Gerald DeRosse, the Claimant herein, alleges Defendant's agents negligently
failed to provide meaningful protection from an assault by fellow inmates while
he was incarcerated at Sing Sing Correctional Facility (hereafter Sing Sing).
Trial of the matter was held at Sing Sing on January 18, 2002.
Claimant testified that his "cousin Eddie was doing dope, ran up a bill and had
Eddie was moved from B-Block to A-Block where he was "ripped in the gym" and,
sent to protective custody. At the same time Eddie had been moved, Claimant was
moved from A-Block to B-Block. After the assault on Eddie, Claimant was
approached by correction personnel and asked whether he wanted to be placed in
protective custody because of his cousin's problems. Claimant refused
protective custody at that time, saying it hadn't anything to do with him. The
next day, he "...put down for chow in the yard, and they...[told him] you're
locked up for three days in...[your] cell." Thereafter, he was "put in the box
[administrative segregation] for 5 months,...[correction personnel] saying they
think I know who did it to my cousin and they think my life is in danger."
After the five months in administrative segregation, Claimant was placed back in
general population, now under protest. He testified that now the "dudes thought
I must've told something, that's why in ‘pc'..."
He said he was talking to "a kid" in the A-Block yard who was demanding payment
of Claimant's cousin's debts when another hit him from behind with a rock. They
held him while he was hit with a rock. Rather than report the injury, Claimant
went to his cell "for two days." Then he "went to sick call at the gym, told
them...[he] was playing basketball - they didn't believe it." Claimant was sent
to St. Agnes Hospital where he received surgery, and "two partial plates in the
face on the bottom right side of the jaw."
He had never been attacked by these individuals, although he was familiar with
them because of his cousin's drug problems and debts. Claimant was adamant that
by placing him in administrative segregation for five months everyone was bound
to think he had revealed something - had he been in his assailants' shoes he
would have. Thus, he maintained, defendant had placed his life in danger. It
does not appear from this record that the Claimant gave the State any specific
names of enemies prior to the alleged assault.
No other witnesses testified.
While the State must provide inmates with reasonable protection against
foreseeable risks of attack by other inmates, [
Blake v State of New York
, 259 AD2d 878 (3d Dept. 1999); Sebastiano v
State of New York
, 112 AD2d 562 (3d Dept. 1985)], the State is not the
insurer of the safety of inmates, and the fact that an assault occurs does not
give rise to the inference of negligence (Sebastiano v State of New York
). In order to establish liability on the State's part, an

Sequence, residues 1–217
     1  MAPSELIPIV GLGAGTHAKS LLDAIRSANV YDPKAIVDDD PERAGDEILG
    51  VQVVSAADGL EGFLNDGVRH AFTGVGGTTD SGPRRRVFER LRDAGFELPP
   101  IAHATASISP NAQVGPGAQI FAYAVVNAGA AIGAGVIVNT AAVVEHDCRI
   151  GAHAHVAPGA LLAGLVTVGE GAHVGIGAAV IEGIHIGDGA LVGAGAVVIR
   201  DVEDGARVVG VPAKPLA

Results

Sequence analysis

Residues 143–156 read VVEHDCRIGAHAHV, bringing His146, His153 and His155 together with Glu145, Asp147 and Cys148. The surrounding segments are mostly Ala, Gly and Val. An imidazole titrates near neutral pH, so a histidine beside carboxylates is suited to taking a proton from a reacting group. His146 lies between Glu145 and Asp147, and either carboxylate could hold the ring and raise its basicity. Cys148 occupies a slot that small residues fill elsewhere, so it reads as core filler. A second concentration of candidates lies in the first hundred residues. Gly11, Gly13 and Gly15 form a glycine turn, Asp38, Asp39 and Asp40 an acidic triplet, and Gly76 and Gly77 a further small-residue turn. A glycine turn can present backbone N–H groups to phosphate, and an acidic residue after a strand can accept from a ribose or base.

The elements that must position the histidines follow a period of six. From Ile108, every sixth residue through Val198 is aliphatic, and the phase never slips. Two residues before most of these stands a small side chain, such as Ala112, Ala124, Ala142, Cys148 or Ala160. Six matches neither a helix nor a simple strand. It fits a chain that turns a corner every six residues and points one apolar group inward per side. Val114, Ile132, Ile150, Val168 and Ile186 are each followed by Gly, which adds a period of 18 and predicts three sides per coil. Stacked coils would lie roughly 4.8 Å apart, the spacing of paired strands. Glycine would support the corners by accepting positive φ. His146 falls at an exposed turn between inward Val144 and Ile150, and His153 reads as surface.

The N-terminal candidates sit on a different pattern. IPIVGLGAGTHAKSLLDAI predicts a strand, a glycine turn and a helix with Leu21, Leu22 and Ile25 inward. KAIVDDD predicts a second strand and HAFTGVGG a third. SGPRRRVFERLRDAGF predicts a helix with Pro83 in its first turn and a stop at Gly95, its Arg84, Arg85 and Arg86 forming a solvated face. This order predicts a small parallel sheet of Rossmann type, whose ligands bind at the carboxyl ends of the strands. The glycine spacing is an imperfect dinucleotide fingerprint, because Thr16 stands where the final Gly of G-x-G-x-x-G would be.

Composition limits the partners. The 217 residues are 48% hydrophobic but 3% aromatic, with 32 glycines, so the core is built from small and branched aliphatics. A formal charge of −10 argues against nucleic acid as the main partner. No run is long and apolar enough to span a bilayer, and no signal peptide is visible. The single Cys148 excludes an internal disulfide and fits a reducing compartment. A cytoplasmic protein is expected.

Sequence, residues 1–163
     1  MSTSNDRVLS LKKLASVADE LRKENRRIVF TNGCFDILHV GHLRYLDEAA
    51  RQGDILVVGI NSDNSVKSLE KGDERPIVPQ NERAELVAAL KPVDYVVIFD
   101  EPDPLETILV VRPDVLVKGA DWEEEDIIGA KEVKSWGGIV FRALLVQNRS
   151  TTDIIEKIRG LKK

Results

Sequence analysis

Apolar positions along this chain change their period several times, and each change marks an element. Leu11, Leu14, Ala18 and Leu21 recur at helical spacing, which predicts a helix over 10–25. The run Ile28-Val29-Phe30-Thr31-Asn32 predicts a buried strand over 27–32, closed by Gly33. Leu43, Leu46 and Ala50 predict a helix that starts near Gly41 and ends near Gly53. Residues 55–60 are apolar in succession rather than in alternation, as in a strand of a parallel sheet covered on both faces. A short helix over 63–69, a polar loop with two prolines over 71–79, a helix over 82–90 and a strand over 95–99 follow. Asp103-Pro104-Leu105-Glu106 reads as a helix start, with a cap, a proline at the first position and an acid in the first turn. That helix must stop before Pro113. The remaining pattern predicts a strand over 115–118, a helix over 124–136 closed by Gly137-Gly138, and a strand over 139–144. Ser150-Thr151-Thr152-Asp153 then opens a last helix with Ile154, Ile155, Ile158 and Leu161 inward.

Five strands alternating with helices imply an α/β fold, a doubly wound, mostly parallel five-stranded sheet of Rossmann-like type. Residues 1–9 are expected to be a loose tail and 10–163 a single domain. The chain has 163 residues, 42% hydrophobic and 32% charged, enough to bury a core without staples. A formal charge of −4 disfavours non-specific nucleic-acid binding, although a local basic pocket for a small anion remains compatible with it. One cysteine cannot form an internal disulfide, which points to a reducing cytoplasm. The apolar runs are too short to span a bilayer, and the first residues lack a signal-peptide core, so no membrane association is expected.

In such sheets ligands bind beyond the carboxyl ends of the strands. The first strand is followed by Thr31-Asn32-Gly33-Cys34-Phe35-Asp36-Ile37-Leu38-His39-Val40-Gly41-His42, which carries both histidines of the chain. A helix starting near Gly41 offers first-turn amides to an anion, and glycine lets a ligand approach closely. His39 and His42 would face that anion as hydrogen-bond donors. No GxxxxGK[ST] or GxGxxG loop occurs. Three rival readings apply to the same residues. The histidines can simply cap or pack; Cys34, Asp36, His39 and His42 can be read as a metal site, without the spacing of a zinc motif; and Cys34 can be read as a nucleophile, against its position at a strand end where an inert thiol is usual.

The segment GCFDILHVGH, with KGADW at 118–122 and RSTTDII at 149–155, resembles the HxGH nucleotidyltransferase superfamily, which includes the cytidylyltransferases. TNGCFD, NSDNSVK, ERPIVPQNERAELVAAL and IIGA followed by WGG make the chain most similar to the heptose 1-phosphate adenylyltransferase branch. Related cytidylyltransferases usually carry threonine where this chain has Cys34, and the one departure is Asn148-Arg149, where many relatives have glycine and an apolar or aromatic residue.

inmate claimant must allege and prove one of the following grounds: (1) the
victim was a known risk and the State failed to provide reasonable protection
, Sebastiano v State of New York
(2) the State had notice that the assailant was dangerous and refused to take
the proper precautions [See
, Littlejohn v State of New
, 218 AD2d 833 (3d Dept. 1995); Wilson v State of New York
AD2d 559 (3d Dept. 1971)]; or (3) the State had notice and the opportunity to
intervene to protect the inmate victim and failed to act. Smith v State of
, 284 AD2d 741, 728 NYS2d 530 (3d Dept. 2001). The mere fact that
a correction officer is not present at the precise time and place of an assault
does not give rise to an inference of negligence absent a showing that officials
had notice of a foreseeable dangerous situation. Colon v State of New
, 209 AD2d 842 (3d Dept. 1994); Padgett v State of New York
AD2d 914 (4th Dept. 1990), lv denied,
76 NY2d 711
Additionally, the court must consider whether there was information which would
trigger any heightened awareness of a risk to this inmate - any "suspicious"
behavior such as an individual leaving an assigned work post, or stuffing
magazines in his shirt to avoid injury - to alert correction personnel of a
specific danger brewing.
, Huertas v State of New York
, 84 AD2d 650
(3d Dept. 1981).
Even an inmate's request for protective custody may not necessarily trigger a
specific duty to protect, if the inmate does "...not alert the
interviewing...[correction officers] of his past problems, a specific hazard or
a particular urgency to his situation."
Roudette v State of New York
, 224 AD2d 808, 809 (3d Dept. 1996). Claimant
has testified that these individuals had never constituted a particular threat
to him, and he had never alerted authorities as to which - if any - inmates,
were a threat to him.
Additionally, the fact that officers may not have been present at the precise
time and place of the assault, does not give rise to liability.
Colon v State of New York
; Padgett v State of New
. "...[U]nremitting supervision..." is not required.
Colon v State of New York
, at 844. When personnel realized
Claimant had been injured - since he had concealed it from them - immediate
medical care was given.
Based upon this record, Claimant has failed to establish that the State failed
to provide him with reasonable protection against a foreseeable risk of harm, to
a preponderance of the credible evidence. Accordingly, Claim Number 101101 is
dismissed in its entirety.
Let Judgment be entered accordingly.